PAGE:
Veteran Stories:
Ron Beal


  • A photograph of Ron Beal taken in January 2012.

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"The Germans come down and said, “Don’t worry boys, you’re alright, you won’t be hurt. You won’t be hurt. For you, the war is over.” And we thought, I wonder if it really is?"


Recounting the Dieppe Raid (19 August, 1942):

I think we honestly believed that we were going to be the storm troops for the second front. The weekend before, we were stationed in Littlehampton on the south coast [of England] and the day before, on the Saturday, at 3:00 in the afternoon, just as the children were coming out of the theatres, German fighters came and strafed right down the high street. And quite a few children were killed. They dropped a few bombs and destroyed a few houses. Some people were killed, some people trapped. We immediately went to work and started to dig people out of the rubble. And we were really cheesed off and we wanted to get at them. And we had our chance. We didn’t know that just a few days later, we’d be going on the boats and mounting the raid. But we were ready. We’d had good training, we were fit, we were angry, we wanted to get at them and I think our anger was justified. And we wanted to get back as good as they gave to those kids and better.

My regiment did not go into the main beach, we went into a beach at Puys [France], which is a very narrow beach and it’s shaped like a tunnel, the cliffs go out past the seawall. So that when you go in, you’re taking munitions from the left and the right and the front. When you got on the beach, you’re taking it from the front, left, right and the rear because the guns up on the point of the cliff can fire right down on the seawall. So we were in the total enfilade of fire. My regiment put 500 men on the beach, 300 men were killed in less than 20 minutes. And how I survived, I’ll never know. All I know is that I did. And I’ve often thought that the lord must have been standing with us hand on my shoulder, otherwise I wouldn’t be here today.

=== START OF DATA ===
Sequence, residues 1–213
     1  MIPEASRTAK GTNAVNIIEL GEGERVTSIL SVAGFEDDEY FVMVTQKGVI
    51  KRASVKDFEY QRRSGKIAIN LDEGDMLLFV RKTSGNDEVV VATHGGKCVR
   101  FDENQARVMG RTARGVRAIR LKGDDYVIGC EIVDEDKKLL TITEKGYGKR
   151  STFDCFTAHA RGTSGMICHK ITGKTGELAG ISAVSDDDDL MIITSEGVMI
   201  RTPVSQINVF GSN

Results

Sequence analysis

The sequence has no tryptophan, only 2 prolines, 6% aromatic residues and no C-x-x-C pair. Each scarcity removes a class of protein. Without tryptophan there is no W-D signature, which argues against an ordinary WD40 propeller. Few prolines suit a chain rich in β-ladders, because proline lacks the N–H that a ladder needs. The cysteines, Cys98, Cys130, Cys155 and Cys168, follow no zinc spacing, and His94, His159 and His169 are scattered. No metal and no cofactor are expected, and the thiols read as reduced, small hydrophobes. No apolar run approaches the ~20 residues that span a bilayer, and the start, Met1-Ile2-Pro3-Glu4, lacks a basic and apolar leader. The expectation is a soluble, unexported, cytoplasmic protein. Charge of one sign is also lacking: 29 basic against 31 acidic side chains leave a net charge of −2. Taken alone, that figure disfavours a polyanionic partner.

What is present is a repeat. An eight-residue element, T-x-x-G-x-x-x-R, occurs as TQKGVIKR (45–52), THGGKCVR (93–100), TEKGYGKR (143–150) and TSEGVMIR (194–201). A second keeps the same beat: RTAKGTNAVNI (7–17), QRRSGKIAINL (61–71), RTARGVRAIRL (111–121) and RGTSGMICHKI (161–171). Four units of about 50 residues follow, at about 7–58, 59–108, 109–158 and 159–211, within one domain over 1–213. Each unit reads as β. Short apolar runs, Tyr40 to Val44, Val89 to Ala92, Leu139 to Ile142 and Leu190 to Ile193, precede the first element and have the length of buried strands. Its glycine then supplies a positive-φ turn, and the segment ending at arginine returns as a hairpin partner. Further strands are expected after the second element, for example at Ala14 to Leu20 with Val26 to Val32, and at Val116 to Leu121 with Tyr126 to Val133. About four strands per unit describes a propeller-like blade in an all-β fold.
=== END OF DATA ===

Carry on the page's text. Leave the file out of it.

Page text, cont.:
The regiment was taking casualties right, left and centre and finally, one of the officers, he was the senior officer on the beach, he was lieutenant, everybody else was dead. And he said, “We’ve taken too many casualties, we don’t want to take anymore, has anybody got a white towel or a white handkerchief or a piece of white paper that or anything at all to put on a bayonet and put it up.” So one of the men got a white towel out of his pack, which he shouldn’t have had with him in the first place, and he put it on bayonet and he marched down the beach with it. The Germans come down and said, “Don’t worry boys, you’re alright, you won’t be hurt. You won’t be hurt. For you, the war is over.” And we thought, I wonder if it really is?

And we found out that the war wasn’t over, we were now involved in psychological warfare in the camp. And 33 months later, after they marched us from January of 1945, they marched us out of Stalag VIII B, because we were only 60 kilometres from Oppeln [now Opole, Poland] and the Russian army had stopped on a line from Warsaw down past Oppeln and down to the Adriatic [Sea]. And on the 21st of January, their guns opened up, we could hear them in the camp, they told us to go back into the barracks, pack our personal belongings and get ready to move out, up to 8:00 in the morning. Because they got us out of bed at 6:00, always.

So we packed as much belongings as we could, we had no idea that we were going to be marching until they actually marched us out of the camp. They thought, we’re going to march to the station at Lamsdorf and get on the boxcars and be taken to wherever they’re moving us to. But it didn’t turn out that way. They just kept us marching. And we marched all that winter right through to April, heading west. One day we’d be heading northwest, then next day we’d be heading southwest, depending on which line of the Russians was advancing. So we didn’t actually march across Germany in a straight line, we went zig-zagged. And that took us all winter, we arrived there in April [1945], my birthday’s on the fifth and I’m not sure of the actual date but it was very close to my birthday. And it was a camp called Eleffos and we were liberated from there by the British Army.

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